Grimshade is a turn-based RPG set in a steampunk world where Light and Darkness are a huge focus. Our story begins in the kingdom of Brann, which is under siege by mysterious forces and sudden, random war by way of a neighboring kingdom that attacks without warning or provocation. As a Champion, a wielder of a particular kind of tech, by the name of Alister, you must get to the bottom of what’s going on in Brann with the help of some unique characters with their own mysterious backstories with which to contend. In this fantasy world, there are beastmen, ether crystals that harness powers akin to magic, and a general gritty technologically advanced setting you’d typically envision when you hear the phrase “steampunk.”
Upon starting Grimshade from the Switch’s home menu, I was presented with a solid 30-second load screen. I’m no game developer, but having to wait through another 15-second load screen after beginning a new game didn’t seem necessary given that the graphical fidelity isn’t exactly incredible. Though this left a bad taste in my mouth, I pressed onward. The opening scene was your typical RPG setup where some nefarious person is working covertly on some secret project and suddenly shit hits the fan. After a cutscene with music swelling so loud that I couldn’t hear the voice over, I was presented with yet another load screen. My time with Grimshade just went downhill from there.
When I got control of my character, I was able to walk around and interact with objects about which my currently controlled character provided commentary. Enemy encounters aren’t random and a fat lot of good that did when areas are linear and therefore the monster squatting in your path is impossible to avoid. Any combat that’s actually optional is usually guarding the path to some lootable objects just around the corner.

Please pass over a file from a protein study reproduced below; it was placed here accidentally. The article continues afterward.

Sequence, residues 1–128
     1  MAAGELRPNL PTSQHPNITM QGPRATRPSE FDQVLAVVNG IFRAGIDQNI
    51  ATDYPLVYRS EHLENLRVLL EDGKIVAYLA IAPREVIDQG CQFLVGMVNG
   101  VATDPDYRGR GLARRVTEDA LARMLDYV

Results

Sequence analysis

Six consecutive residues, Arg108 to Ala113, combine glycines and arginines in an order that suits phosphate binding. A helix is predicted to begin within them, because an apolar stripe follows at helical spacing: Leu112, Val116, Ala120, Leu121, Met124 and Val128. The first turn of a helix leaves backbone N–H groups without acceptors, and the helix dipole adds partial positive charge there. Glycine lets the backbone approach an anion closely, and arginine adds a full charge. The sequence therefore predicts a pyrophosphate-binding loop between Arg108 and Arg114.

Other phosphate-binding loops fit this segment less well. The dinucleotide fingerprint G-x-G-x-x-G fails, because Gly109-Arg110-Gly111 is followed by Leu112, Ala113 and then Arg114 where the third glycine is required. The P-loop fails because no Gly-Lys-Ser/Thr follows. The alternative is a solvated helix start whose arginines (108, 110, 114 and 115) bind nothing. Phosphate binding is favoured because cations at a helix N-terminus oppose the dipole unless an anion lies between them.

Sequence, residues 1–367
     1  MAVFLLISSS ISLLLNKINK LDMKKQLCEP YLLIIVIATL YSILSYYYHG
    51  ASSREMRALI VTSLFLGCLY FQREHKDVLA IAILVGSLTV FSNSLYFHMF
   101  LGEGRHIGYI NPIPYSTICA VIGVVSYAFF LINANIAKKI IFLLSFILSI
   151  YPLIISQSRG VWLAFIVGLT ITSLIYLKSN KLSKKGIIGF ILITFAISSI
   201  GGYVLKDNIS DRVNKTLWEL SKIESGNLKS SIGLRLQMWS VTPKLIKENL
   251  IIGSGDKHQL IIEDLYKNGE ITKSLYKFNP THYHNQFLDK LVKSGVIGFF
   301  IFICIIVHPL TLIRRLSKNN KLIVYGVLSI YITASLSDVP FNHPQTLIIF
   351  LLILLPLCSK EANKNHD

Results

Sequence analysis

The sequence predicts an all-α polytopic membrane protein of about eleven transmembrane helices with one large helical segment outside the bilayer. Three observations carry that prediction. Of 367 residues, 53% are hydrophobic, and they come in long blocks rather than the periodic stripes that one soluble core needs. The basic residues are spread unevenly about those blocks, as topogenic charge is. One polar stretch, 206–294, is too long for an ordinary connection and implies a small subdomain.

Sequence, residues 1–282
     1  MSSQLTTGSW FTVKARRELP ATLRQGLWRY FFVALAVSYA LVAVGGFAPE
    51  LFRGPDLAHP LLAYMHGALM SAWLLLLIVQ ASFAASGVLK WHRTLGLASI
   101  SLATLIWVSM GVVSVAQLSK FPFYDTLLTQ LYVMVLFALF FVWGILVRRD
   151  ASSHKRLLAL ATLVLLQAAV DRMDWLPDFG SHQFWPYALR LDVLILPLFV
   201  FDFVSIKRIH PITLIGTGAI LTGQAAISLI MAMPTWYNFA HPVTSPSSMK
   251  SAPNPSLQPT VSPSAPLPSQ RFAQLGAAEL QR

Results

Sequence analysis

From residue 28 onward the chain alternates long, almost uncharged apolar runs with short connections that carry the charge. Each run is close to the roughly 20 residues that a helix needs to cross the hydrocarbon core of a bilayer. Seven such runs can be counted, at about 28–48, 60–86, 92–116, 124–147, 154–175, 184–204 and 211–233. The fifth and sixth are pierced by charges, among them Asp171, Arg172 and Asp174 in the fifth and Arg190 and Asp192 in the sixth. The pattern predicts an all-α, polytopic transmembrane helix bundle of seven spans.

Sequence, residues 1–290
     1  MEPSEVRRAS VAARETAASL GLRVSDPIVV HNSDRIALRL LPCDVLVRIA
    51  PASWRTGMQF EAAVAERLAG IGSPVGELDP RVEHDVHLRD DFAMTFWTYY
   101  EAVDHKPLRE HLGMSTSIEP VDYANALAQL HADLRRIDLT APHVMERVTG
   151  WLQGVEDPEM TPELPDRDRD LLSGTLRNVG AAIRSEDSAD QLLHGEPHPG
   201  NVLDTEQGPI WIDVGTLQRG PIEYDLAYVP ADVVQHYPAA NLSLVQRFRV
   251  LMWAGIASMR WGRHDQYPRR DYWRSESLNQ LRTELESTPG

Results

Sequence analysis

Party management boils down to purchasing and upgrading equipment. There are no stat points to dole out and no experience points earned from battles, meaning your combat effectiveness boils down to keeping your equipment up to snuff. It also meant that the frequent battles just felt like a chore rather than a necessary part of the good old RPG grind. Equipment can be upgraded using ether crystals dropped by enemies or found in lootable objects, and doing so unlocks new abilities. Abilities aren’t flashy, but they get the job done.
Grimshade is a turn-based RPG and I wish it wasn’t. Having played several over the course of my gaming career, I’ve run into different game speeds (some slower than others), different arrangements of the battlefield (some that made sense more than others), and different ways to execute attacks (some more engaging than others). Grimshade’s combat is by far the slowest, clunkiest, not to mention most unnecessarily complicated I’ve encountered in some time. There are tutorials aplenty, but in the guide on how not to deliver a tutorial 101, walls of text is the perfect example of tutorial don’ts. Nevermind that the font is so small you’ll have to hold up your Switch to your face, there’s just too much information and not enough execution to make the lesson stick. Characters, both enemy and allied, move based on initiative, which isn’t anything groundbreaking, and are facing off on a grid. Characters cannot move and attack on the same turn for whatever reason, meaning you’ll have to take time aligning them and adding unnecessary turns to each engagement. To move your character in the first place, you need to flick the left stick. Where the cursor shows up is completely random rather than in the tiles where the character can move, which is a whopping one per turn, and results in a lot more finagling than necessary. Why a simple menu with attack, move, etc wasn’t sufficient, I’ll never understand.